than they would have had otherwise and hopefully more flowers will grow up around the trees.
I've put some wild flower mix down there, so in June, it'll be more interesting than a pile of brambles.
So far, the clearance and maintenance of the site has been carried out
by a willing bunch of volunteers, but there are plans afoot to get some additional animal help.
We've put a sheep fence round as we want to get a few sheep in here to graze the grass down.
That's really good for wild flowers, so they'll be in here for a few weeks later on in the summer.
We've cleared the stream off a bit as that will encourage more things to take advantage of the stream.
We've had a bench donated by a family whose mother lived virtually all her life in the village. That's lovely.
Already this is showing what a diverse and interesting habitat this is
for all kinds of plants and creatures.
It might not be a home for people, but it's just teeming with wildlife who have taken up residence here.
That in turn attracts people in as Tony, the chairman of the Trust, explains.
It's a wonderful area for the community to come and visit.
There is open access whilst before probably they wouldn't be able to come here.
They can enjoy it peacefully and look at the wildlife
and it's our job to interpret and explain to people what wildlife is there.
There is an enormous number of little beasties like beetles, as well as the birds and the flowers.
And it's the local community and especially the schools that they try to get on board.
The children are going to come along a bit later
and we hope they'll look on this place as an outdoor classroom and use it in the future
because the school is just down the lane, so it's very handy for them.
We've had some locals turn up to help clear the brambles and clearing the fence line for the fence.
We've got some locals coming along to help this afternoon with the activities, so it's been great.
And today is Apple Blossom Day for the orchard.
It's a chance for both the Trust and the community to get together and celebrate the arrival of spring.
So as the children continue to get the wildlife bug,
will there be a net profit in their outside classroom?
We asked a local property expert along with his dog to find out.
This land is absolutely enchanting.
It's the typical little old orchard that typifies the area,
for which there is a growing need and a growing resurgence.
This clearly isn't about profit, but with the £28,000 to buy the land being donated by the members
and the £2,000 spent, have they used their members' money carefully?
On the market, this land could be worth in the region of £30,000.
-Priceless, really, isn't it?
-It is, Joy.
-You can't put a price on something like this.
It really is a very long-term project.
The Trust hopes to keep the land in perpetuity, but there are still plenty of tasks to get on with.
Well, I hope that in the future, the village will continue to enjoy it.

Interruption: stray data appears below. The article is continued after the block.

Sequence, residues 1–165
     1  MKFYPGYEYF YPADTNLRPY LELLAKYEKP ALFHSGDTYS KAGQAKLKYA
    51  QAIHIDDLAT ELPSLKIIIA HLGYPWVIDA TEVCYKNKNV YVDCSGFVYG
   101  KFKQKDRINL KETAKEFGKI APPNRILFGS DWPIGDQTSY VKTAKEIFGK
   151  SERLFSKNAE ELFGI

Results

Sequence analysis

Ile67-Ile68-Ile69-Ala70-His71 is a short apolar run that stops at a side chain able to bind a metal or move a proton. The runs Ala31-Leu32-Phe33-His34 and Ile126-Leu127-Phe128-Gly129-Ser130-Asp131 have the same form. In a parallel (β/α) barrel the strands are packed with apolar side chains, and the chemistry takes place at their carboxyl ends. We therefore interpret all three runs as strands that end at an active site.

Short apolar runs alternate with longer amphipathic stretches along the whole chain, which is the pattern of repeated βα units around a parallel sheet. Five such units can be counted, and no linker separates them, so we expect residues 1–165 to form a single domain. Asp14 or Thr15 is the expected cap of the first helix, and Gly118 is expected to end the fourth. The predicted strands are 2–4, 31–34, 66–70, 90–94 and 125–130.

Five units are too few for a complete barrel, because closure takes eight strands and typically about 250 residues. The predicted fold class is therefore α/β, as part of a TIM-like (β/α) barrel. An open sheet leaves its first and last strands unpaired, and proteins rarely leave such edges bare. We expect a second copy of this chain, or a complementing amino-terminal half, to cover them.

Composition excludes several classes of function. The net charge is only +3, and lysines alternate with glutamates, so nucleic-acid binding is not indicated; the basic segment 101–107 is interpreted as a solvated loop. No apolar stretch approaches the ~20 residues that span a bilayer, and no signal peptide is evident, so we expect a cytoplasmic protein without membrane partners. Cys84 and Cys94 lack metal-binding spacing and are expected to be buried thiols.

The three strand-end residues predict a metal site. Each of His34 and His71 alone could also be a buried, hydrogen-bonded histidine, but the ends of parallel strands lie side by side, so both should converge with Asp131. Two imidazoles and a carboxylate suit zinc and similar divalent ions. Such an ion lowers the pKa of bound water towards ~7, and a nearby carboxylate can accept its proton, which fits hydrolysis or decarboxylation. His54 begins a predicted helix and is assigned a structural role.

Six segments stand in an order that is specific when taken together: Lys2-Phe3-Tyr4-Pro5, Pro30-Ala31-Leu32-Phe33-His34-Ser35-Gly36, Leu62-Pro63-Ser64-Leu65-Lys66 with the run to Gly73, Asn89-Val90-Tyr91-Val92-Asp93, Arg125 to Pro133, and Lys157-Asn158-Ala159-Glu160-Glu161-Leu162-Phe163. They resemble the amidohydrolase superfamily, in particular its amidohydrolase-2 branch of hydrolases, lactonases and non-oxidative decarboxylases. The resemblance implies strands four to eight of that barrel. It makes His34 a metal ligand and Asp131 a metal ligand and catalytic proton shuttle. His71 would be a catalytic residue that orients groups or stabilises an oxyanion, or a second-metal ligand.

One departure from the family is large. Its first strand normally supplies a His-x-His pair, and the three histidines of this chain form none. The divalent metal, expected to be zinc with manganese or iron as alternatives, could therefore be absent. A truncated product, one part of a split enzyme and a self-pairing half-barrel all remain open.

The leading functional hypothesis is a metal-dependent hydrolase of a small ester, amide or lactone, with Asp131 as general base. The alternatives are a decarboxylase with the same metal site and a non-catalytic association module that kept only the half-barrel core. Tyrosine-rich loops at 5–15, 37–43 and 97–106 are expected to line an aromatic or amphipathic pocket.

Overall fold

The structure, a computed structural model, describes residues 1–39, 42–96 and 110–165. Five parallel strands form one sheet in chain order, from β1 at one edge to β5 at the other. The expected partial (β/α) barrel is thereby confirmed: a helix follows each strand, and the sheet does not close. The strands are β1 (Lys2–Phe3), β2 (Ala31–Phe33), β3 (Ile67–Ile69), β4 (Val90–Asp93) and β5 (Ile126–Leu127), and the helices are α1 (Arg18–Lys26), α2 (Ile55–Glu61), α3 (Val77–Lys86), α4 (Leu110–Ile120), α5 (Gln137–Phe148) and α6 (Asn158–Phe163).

I hope the school will be able to use it as an outdoor classroom for all sorts of cross-curricular activities
and that it will go on from strength to strength.
Hear, hear! I think that's all I can say.
This little bit of Dorset may never be home for people,
but it will be a home for a diverse range of wildlife and an outside classroom for the local school.
It just goes to show that you don't always need financial returns to make a rewarding investment.
This three-bedroomed, semi-detached house in Stoke was bought at auction for 134,000 quid.
It's in a popular residential location
and was in need of modernisation and improvement.
Its new owner Andy had a few decisions to make.
I was looking into perhaps putting an extension on one side and trying to make the toilet room slightly bigger
and moving the bathroom across.
I can see why he wanted to make that toilet room bigger,
but joining it to the bathroom wasn't going to be easy with that stairwell in the way.
I'm not sure how he's done it, but it's...
# All right now
# Baby, it's all right now... #
It's pretty all right in other areas of the house too...
..though it's not quite finished yet.
He's obviously been busy and created some valuable extra space, so how has he done it?
OK, so one of the biggest and first jobs we did to the house when we first started
was to remove all the existing stairs and take the bathroom out.
There was a small toilet room to the top of the stairs.
We demolished all that and that gave us room for a bigger bathroom.
That's clever. Andy first thought he'd have to build an extension to make room for a bigger bathroom.
Instead, he's removed the old stairwell that divided the upstairs landing in the middle,
separating the toilet and bathroom.
He's then rebuilt the staircase, taking space from what was the kitchen pantry and boiler room.
Moving the stairs aside like this has created enough room upstairs
for that all-important bigger bathroom and toilet with shower cubicle.